This is Ballard’s longest novel and doesn’t benefit from its chunkiness. In fact, the detective novel plot and overabundant description make this a less successful work from the master of short-form fiction. It also doesn’t help that this novel is a retread of Cocaine Nights, moved from London to France (and featuring few actual French people).
For diehard Ballardians only.
17. Dubravka Ugrešić — The Ministry of Pain
A profoundly intelligent take on Serb/Croatian emigré life following the death of Yugoslav Prime Minister Josip Toto. Tanja is a teacher living in Amsterdam responsible for a Croatian literature programme, who realises her students are much more interesting than her topic.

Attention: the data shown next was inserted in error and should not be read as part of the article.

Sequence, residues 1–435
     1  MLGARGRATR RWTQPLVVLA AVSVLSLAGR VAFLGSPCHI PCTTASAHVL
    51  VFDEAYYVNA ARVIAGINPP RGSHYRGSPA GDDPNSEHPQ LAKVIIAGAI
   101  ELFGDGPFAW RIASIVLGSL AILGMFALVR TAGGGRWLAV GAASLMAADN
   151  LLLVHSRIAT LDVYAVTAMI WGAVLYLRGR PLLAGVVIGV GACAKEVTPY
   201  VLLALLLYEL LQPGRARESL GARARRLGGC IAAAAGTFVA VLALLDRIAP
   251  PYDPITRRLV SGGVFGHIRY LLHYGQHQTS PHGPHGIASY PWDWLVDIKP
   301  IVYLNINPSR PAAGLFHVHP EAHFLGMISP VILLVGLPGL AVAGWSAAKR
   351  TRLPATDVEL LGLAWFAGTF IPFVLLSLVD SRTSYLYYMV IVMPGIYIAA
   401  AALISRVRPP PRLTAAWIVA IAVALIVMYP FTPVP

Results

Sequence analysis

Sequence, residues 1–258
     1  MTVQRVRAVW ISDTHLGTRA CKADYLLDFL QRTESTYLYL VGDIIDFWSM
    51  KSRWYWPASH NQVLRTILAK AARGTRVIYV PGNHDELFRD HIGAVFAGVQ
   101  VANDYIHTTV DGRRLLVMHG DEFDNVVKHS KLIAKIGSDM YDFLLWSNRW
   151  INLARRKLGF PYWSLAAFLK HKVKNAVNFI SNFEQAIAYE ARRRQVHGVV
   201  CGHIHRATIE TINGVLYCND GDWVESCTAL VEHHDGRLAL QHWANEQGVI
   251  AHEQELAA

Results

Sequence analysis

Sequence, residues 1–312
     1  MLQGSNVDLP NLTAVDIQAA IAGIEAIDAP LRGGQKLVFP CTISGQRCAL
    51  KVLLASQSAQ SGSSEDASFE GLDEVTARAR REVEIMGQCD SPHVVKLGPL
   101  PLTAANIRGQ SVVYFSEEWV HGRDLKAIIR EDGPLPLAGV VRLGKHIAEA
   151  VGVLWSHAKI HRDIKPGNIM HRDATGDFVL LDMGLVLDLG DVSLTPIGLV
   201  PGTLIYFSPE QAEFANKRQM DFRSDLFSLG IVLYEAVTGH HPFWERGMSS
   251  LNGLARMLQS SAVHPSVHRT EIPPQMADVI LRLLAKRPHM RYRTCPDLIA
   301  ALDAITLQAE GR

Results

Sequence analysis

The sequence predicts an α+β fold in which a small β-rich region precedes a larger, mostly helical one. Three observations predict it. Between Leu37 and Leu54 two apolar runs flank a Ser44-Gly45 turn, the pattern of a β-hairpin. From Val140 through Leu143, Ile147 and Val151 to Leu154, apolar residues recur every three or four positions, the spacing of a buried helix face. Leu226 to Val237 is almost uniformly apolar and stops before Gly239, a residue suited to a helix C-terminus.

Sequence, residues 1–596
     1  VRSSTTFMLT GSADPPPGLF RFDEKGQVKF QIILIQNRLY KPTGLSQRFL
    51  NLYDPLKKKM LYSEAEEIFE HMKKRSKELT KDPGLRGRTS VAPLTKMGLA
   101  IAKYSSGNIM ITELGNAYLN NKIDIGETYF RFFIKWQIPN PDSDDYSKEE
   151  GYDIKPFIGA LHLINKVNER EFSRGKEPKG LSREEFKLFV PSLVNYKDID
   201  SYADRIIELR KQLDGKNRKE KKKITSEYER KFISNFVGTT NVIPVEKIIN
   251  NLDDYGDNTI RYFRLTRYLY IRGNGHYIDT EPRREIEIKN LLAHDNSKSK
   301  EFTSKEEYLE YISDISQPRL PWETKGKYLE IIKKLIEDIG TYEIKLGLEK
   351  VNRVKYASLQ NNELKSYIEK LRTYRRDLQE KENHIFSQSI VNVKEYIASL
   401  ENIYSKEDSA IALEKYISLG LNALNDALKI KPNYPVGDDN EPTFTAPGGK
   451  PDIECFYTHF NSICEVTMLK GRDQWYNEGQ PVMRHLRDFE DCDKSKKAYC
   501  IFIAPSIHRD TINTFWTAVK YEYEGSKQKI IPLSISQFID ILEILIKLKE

Very fresh, witty and moving.
18. McSweeney's Issue 17
This issue is an exercise in world-class parody, with top marks for invention and attention-to-detail. Arriving in a clump of documents belonging to one Sgt Maria Vasquez, the issue spoofs the spam mail letter in the form of a ‘spam manuscript’ (a novel excerpt printed on double-sided A4) and a series of automobile and trout photographs.
The stories themselves are entirely incidental, included in a spoof literary quarterly called Unfamiliar. It is what McSweeney’s might have become without the vision and money of Dave Eggers. The stories are presented in a split-page format, and are largely short and unfocused. They are also noticeably weaker than the other McSweeney’s works, which feels like a conscious effort to lampoon the editorial standards of their sham magazine, although I might be wrong. (They cop out on the credits page by listing ‘McSweeney’s contributors.’ Boo!)